U.S. Ambassador to Sri Lanka Alaina B. Teplitz announced the first grants awarded through the U.S. government’s "Clean Cities, Blue Ocean Programme" yesterday (23), totaling USD 345,000, the U.S. embassy in Colombo said.
These grants to Sri Lankan organisations will fund projects that help protect Sri Lanka’s cities and marine resources from plastic pollution.
“National and local coordination, enduring partnerships, community engagement, and localized solutions are key to reversing the impact of pollution and environmental degradation,” said Ambassador Teplitz said, adding that “the Clean Cities, Blue Ocean programme incorporates the principles and will help Sri Lankans build sustainable solutions to protect the precious ocean that surrounds us.”
In line with Sri Lankan government and grassroots efforts, the U.S. Agency for International Development’s (USAID) Clean Cities, Blue Ocean programme will fund pilot projects to minimize the flow of plastic pollution to the ocean.
The Ceylon Chamber of Commerce and the Public Interest Law Foundation received funding to develop, test, and implement new models to enhance solid waste management and promote reducing, reusing, and recycling practices. Grantees will also build awareness of the negative impact of plastic pollution on the ocean.
Working in Colombo, Galle, and Jaffna districts, grantees will collaborate with local and national government entities to manage solid waste more effectively.
The Ceylon Chamber of Commerce will pilot a public-private partnership approach that encourages manufacturers to take responsibility for the environmental impacts of the production and disposal of their plastic products.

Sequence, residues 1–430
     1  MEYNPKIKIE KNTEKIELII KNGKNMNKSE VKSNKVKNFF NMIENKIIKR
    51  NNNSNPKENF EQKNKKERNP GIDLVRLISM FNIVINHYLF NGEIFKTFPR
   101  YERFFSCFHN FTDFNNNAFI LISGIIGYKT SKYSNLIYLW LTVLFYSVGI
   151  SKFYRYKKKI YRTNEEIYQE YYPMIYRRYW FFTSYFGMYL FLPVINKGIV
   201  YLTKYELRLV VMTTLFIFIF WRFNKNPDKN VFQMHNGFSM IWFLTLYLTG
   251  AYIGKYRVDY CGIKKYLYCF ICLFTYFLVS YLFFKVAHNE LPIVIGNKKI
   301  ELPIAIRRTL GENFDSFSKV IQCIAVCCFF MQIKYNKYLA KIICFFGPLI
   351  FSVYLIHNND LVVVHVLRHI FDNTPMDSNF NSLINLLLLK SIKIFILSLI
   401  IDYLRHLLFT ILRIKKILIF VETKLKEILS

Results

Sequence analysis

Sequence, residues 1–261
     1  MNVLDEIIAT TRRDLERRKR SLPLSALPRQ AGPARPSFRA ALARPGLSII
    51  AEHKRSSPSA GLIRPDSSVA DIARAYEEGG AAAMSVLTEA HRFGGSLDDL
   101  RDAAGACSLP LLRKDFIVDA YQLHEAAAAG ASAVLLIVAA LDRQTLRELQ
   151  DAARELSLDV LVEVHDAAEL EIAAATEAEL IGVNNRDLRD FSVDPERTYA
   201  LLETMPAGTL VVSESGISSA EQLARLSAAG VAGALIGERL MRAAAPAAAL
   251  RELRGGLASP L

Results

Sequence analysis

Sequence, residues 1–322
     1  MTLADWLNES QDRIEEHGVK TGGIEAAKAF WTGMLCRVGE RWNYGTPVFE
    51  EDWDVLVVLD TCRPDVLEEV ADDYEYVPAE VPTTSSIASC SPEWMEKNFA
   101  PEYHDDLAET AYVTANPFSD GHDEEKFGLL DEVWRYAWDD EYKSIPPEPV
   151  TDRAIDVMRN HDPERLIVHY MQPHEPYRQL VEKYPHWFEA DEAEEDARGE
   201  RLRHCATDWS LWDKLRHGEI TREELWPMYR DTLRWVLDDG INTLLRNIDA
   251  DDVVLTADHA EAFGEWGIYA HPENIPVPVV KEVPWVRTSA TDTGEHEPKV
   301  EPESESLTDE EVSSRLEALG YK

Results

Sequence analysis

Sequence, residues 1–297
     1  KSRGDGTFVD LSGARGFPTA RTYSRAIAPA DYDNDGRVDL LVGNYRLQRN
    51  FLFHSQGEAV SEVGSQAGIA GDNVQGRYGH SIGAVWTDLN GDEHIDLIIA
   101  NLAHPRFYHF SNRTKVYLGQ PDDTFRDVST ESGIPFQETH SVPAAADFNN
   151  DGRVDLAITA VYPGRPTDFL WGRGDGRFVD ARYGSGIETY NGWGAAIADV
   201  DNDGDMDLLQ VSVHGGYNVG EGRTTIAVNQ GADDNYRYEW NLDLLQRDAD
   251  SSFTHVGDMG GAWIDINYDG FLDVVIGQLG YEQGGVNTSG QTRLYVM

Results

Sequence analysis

The Public Interest Law Foundation will help to create guidelines for the disposal of non-hazardous plastic waste from hospitals, draft proposals to strengthen local solid waste management, and advance reforms that support recycling and disposal of plastic waste.
The Clean Cities, Blue Ocean programme will provide technical assistance and conduct site-level research to understand specific challenges in solid waste management and enforcement and barriers to private sector investment.
This programme is the U.S. government’s flagship programme to respond to the global crisis of ocean plastics pollution.
This is one component of the longstanding partnership between the American and Sri Lankan people to support self-reliance and promote economic growth.
USAID’s program in Sri Lanka, totaling more than LKR 350 billion LKR (USD 2 billion) since 1961, promotes a healthy, educated, and employed population.
Dr. Anil Jasinghe, Secretary for the Ministry of Environment, joined Ambassador Teplitz at the event.